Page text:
Clifford Nass, a Stanford University professor, argued that PowerPoint “lifts the floor” of public speaking and at the same time “lowers the ceiling”. Students do not see appalling lectures, but neither do they see the brilliant. Journalist Francisco van Jole was even more definitive, describing PowerPoint as: “Viagra of the spoken word…a wonder pill for flabby lectures.” Like Viagra, PowerPoint only appears to benefit the user. The little blue pill triggers unfortunate side-effects such as light-headedness, indigestion, lower back pain and seeing an aura around objects. Similarly, PowerPoint medicates a nervous and ill-prepared speaker. What about the side-effects on students? For all the celebration of student-centred learning, PowerPointed teaching passes without comment.

All PowerPointers, like all burqa-wearers, look alike. They are asleep to the world, inside their coma of conformity.

******************

UD thanks Bill.

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12 Responses to “A composition professor notices that her students don’t know how to take notes.”

  1. david foster Says:

    Didn’t *rhetoric* used to be considered one of the fundamental liberal arts? (checks–yep. part of the Trivium.) Seems to me that no one should graduate from college without serious experience in constructing and delivering a talk…*without* visual aids such as P/P as well as with such visual aids. I can’t think of too many professions in which this ability is useless, and for many fields…teaching, selling, management…it is of utmost importance. It’s also a significant *citizenship* skill, too, in that one can develop a better feel for when he is being bullshitted if he has some experience in being the one doing the convincing.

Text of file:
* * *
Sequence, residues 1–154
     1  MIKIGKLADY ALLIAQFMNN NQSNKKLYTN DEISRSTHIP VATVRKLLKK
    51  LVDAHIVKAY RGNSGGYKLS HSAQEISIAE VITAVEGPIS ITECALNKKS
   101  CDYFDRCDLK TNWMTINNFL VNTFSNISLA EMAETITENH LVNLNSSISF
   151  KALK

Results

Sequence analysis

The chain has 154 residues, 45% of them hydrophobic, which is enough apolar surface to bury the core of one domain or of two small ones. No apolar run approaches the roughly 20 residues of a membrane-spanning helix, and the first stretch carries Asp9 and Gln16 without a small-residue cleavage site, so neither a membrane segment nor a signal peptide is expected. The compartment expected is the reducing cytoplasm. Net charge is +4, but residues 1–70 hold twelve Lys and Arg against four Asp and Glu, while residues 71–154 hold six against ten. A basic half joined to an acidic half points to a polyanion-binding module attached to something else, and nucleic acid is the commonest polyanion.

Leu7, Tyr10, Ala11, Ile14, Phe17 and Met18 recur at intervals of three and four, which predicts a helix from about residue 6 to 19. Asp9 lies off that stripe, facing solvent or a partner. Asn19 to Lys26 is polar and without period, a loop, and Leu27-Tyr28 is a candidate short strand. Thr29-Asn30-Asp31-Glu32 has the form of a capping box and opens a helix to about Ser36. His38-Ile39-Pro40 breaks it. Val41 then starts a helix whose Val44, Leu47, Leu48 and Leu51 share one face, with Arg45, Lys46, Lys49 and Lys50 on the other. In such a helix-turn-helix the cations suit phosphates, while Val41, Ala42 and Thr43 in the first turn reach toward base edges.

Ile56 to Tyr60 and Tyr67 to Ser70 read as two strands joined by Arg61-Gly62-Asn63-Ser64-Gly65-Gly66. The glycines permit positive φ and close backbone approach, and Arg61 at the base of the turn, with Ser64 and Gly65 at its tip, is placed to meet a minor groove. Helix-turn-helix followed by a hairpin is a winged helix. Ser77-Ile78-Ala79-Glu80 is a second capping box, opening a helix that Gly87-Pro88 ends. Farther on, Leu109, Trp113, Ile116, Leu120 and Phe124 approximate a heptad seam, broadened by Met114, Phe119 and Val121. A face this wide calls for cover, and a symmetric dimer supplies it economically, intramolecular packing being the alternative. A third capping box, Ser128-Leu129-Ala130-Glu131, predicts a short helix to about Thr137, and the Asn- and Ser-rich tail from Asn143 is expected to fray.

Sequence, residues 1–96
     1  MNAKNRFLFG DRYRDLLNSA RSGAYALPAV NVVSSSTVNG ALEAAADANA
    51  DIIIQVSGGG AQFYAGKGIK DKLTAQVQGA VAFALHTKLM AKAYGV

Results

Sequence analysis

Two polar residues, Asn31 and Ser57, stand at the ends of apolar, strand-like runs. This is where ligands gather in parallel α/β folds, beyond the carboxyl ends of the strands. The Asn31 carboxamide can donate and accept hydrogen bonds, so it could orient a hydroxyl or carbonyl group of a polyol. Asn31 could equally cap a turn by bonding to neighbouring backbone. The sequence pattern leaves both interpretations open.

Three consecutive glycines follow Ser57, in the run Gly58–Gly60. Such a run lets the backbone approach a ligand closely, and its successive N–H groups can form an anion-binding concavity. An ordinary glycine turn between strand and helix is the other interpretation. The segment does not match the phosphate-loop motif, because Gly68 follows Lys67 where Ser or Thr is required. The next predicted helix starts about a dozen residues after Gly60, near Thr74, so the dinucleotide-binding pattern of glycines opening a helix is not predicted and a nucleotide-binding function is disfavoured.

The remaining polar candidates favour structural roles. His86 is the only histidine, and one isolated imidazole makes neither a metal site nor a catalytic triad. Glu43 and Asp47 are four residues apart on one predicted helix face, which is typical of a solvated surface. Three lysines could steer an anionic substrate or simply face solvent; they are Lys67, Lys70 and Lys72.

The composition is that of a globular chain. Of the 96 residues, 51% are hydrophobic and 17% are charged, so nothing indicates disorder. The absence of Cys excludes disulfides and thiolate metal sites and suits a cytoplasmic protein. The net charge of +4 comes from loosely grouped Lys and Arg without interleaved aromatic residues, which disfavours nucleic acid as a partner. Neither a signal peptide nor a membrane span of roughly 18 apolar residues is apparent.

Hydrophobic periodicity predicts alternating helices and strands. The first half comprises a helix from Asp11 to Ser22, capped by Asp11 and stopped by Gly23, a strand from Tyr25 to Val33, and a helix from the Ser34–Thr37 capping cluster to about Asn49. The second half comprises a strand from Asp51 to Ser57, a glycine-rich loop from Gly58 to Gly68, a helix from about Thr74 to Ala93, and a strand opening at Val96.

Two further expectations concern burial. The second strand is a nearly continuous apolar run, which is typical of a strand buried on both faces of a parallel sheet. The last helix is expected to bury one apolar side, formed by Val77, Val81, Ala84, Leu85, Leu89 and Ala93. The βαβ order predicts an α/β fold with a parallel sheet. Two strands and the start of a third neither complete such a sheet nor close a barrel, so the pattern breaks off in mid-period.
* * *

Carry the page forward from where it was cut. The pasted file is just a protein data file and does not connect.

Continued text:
2. Trudy Says:

    True, true, true. And I for one admit to having used Powerpoint to “lift” a mediocre lecture when I haven’t had the time to make it better. Nevertheless, we shouldn’t demonize technology for a decrease in teaching quality. It serves to visually highlight crucial points when under time constraint or provide maps and charts that support a presentation. It should never become the core of a lecture or presentation!

  3. theprofessor Says:

    When I was a young’un in college, I was outraged at the total lack of preparation exhibited by a few faculty. Then I sat through two courses with teachers who delivered, verbatim, carefully written, excruciatingly boring lectures. I made sure not to bring my pocket-knife to class, for fear that I would start chipping an escape tunnel through the floor. From time to time, once of these characters scrawled something on the board, usually in so illegible a script that no one had any idea what it was. The other character seemed to write single words selected at random from the lecture, usually from segments that had been delivered five minutes before.